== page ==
“We’re hitting a much broader spectrum of the market,” Weiss said. A similar tactic is being used in sweaters. The denim business was aided by more aggressive inventory commitments than in the past.
“We’re seeing strength in both novelty and basics,” Weiss said. “Novelty is turning faster, as it always does. They either like it or hate it. But the big, big dollars are coming from the core basic.”
For fall, Express’s focus will be on knit tops, sweaters and denim, as well as on “wear-to-work clothes,” a category that was understocked last September. Intimate apparel, initially rolled out to 400 stores last fall, is being rolled out to the entire chain.
Hailey said the company was under “various stages” of “the brand growth process” with each chain and would continue to commit cash investments to “the best brands and best businesses.”
John Morris, an analyst at Gerard Klauer Mattison, said The Limited was benefiting from efforts to improve quality and styling and be more trend-right, even at chains that lagged during the quarter, such as Lerner.
“They are really well positioned to ride the wave of heightened fashion interest on the part of the consumer,” said Morris. “You had Express hitting the mark and the Limited chain really coming on strong, so they’re really in a good position for the second half.”
Marcia Aaron, at Deutsche Banc Alex. Brown, said the Limited was doing a better job interpreting fashion for each chain rather than layering trends across all chains.
“Now they’re really trying to understand what the fashion is and that some fashions may not be appropriate for each division. There’s much more clarity between chains than before,” said Aaron.
Hot Topic, the fast-growing teen retailer, reported sales generated without the aid of promotions helped the company more than triple first-quarter earnings as sales increased 58.5 percent.
The music-inspired chain, which now operates 228 stores, said earnings in the quarter ended April 29 gained to $2.4 million, or 23 cents a share, from $635,000, or 7 cents, a year ago. Per-share results reflect a 2-for-1 stock split effective December 1999.
Sales surged to $44.8 million from $28.3 million, and were ahead 24.1 percent on a comparable-store basis.
The company, based in City of Industry, Calif., announced that Elizabeth (Betsy) McLaughlin, president, had been elected to the board.
“Merchandise margins were particularly strong, as we had no promotional activity during the quarter,” she said. “Our inventories at the end of April were on plan, and our inventory aging was well below last year.”
Margins grew to 37.4 percent of sales from 34.5 percent a year ago.
The company noted that the 12 new stores opened during the quarter performed above plan, and Internet sales gained 359 percent from last year’s first quarter.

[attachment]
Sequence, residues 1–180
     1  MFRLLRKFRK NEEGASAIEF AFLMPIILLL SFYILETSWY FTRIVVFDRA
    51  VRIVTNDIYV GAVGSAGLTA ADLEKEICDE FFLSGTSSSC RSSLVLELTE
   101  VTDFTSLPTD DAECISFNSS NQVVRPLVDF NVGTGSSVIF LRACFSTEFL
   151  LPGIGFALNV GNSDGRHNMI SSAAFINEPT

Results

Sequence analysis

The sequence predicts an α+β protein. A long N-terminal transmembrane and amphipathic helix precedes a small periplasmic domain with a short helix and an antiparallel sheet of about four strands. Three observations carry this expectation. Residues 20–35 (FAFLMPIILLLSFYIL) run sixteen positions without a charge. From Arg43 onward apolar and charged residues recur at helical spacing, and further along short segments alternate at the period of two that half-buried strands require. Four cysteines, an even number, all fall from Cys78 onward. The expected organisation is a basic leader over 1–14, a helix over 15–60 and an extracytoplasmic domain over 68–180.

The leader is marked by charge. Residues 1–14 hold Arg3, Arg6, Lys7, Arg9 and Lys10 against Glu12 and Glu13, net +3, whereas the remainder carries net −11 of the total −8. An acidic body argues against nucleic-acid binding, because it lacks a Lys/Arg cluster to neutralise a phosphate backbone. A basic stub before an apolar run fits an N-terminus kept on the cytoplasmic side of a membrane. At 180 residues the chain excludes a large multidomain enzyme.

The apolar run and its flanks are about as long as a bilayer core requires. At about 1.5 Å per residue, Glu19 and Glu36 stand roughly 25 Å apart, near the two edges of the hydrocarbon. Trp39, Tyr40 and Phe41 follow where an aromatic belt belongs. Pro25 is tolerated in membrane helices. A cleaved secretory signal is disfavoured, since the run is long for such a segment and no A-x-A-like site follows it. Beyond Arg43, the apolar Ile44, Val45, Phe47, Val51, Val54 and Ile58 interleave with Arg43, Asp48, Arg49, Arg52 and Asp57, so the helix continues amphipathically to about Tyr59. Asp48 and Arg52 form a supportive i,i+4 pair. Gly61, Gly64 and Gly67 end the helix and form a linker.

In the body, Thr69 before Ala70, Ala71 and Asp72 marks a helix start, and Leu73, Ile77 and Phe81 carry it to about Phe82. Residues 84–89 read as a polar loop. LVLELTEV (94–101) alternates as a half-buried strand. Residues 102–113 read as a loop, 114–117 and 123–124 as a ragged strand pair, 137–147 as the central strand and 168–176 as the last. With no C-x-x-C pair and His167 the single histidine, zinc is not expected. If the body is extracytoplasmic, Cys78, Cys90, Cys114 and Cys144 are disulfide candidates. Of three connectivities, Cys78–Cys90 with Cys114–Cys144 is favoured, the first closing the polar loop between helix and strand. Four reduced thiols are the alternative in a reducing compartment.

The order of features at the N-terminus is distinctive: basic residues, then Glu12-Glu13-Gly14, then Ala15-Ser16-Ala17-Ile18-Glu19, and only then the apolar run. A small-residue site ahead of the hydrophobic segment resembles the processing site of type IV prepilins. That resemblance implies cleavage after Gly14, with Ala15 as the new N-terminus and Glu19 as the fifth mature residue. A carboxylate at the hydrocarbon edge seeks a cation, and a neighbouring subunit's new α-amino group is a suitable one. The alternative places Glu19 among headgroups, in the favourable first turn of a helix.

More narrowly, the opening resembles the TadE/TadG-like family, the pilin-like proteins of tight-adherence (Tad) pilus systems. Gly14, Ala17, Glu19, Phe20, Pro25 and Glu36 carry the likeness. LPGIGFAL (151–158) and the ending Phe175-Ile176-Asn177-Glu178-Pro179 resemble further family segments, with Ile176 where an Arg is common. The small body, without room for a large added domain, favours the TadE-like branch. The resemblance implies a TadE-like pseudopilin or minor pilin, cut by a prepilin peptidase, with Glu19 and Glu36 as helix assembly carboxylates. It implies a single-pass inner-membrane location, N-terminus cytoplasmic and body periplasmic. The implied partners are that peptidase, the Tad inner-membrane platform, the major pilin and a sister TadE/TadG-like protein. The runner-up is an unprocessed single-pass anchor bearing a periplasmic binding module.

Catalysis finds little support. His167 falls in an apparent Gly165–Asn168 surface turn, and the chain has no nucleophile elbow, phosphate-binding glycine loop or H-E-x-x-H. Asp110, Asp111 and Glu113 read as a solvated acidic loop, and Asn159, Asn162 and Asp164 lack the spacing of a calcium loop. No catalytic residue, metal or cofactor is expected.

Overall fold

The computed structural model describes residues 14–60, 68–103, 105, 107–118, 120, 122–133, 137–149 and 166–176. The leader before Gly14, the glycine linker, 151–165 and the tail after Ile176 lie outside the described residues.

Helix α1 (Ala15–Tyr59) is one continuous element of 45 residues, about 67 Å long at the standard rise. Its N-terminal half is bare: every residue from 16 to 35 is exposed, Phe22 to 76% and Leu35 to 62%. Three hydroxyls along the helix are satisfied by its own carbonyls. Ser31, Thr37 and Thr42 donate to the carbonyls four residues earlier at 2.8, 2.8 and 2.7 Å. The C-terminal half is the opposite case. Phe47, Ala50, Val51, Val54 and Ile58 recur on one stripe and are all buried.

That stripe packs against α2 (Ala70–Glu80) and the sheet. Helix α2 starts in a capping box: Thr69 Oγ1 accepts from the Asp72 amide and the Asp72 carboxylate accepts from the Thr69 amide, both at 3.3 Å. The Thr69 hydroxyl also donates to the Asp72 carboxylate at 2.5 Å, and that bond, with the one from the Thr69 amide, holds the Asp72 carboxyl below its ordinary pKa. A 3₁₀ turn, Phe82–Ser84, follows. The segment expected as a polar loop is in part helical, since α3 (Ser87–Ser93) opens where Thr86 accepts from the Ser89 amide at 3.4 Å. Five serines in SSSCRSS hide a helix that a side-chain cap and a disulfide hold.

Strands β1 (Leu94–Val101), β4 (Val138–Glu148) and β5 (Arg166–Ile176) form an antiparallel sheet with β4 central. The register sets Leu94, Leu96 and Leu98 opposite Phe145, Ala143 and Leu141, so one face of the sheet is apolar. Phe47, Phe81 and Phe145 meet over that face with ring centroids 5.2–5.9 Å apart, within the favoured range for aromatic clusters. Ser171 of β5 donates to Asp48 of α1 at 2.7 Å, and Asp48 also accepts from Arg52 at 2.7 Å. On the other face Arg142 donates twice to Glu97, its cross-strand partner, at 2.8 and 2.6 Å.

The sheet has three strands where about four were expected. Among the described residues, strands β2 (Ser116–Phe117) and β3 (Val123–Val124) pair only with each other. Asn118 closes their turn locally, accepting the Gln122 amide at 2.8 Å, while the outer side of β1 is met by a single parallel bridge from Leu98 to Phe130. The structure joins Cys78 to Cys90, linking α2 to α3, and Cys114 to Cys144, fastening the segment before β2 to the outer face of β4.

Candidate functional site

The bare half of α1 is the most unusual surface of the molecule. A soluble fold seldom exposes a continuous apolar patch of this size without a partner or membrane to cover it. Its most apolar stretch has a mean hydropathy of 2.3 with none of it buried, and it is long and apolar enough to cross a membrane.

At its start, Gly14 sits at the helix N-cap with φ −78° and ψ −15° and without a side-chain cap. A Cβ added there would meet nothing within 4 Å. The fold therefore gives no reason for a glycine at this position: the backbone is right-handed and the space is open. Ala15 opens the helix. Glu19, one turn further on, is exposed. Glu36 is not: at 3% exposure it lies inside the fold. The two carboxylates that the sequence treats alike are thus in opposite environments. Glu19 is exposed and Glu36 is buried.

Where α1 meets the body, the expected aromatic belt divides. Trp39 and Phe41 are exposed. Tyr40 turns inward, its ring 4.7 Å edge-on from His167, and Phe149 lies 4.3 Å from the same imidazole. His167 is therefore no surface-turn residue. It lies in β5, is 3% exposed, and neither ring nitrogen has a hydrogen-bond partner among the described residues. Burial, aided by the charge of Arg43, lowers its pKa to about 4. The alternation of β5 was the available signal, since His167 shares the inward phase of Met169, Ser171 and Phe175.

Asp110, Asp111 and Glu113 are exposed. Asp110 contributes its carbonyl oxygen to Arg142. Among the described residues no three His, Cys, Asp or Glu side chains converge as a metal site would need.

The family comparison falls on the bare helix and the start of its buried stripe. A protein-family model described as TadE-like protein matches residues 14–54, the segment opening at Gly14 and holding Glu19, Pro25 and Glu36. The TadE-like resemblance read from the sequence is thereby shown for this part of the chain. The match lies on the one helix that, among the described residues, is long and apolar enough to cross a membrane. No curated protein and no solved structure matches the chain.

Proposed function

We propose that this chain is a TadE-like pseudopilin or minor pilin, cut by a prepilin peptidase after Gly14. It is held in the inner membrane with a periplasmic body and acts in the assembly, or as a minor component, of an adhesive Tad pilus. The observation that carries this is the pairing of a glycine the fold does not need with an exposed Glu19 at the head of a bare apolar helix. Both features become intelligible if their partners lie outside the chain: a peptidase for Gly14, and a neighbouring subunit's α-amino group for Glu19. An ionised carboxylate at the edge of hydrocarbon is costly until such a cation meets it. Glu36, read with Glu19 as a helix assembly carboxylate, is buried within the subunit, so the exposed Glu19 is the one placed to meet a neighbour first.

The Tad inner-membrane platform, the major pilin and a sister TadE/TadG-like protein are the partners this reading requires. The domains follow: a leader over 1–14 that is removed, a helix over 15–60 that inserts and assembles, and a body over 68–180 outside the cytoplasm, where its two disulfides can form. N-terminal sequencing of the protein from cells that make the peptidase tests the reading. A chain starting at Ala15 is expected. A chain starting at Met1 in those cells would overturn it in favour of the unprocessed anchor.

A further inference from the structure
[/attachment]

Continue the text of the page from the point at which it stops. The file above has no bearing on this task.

Emphasis on full-price apparel selling helped increase Benetton Group SpA’s net income from continuing operations by 15.8 percent to $20.7 million during the first quarter of 2000.
The sale of the Formula One Team to the Renault Group added $87.1 million in extraordinary net income to Benetton’s figures, catapulting net income for the quarter to $107.8 million. (Dollar figures have been converted from Italian lire at current exchange.)
The company, based in Ponzano, Italy, reported sales declined 2.6 percent to $390.1 million. The deconsolidation of Formula One was responsible for the displacement of about $17.4 million in revenue from last year’s first quarter. The company noted that revenues from its sports segment declined approximately $11.8 million from year-ago levels, but the seasonal nature of the sports equipment business was said to make this shortfall “recoverable during the course of the year.”
Apparel sales increased 5 percent during the quarter and units were up 8.5 percent.
“The positive results in the clothing sector have been homogeneously obtained throughout all the principal markets,” the company said in a statement, “and have also been influenced by the good performance of the directly managed megastores, which will continue to be opened in historical and commercial centers in the coming months, in particular in Paris and London.”
A spokesman for the company said Benetton would continue to convert stores to corporate ownership from licensed or franchised stores, its previous concentration.
Benetton projected that its yearend increase in revenues would be approximately 8 percent, “a figure obtained partly by ever greater full-price sales in stores, thanks to a timely resupplying of updated products that limits reduced-price sales periods to a minimum.”
In its continuing efforts to accelerate production and delivery, Benetton’s Sports Equipment division chose MatrixOne’s eMatrix Internet architecture to help integrate incompatible business processes throughout the life cycles of its products. MatrixOne’s products help businesses access critical information on design, production and distribution, regardless of their location along the supply chain.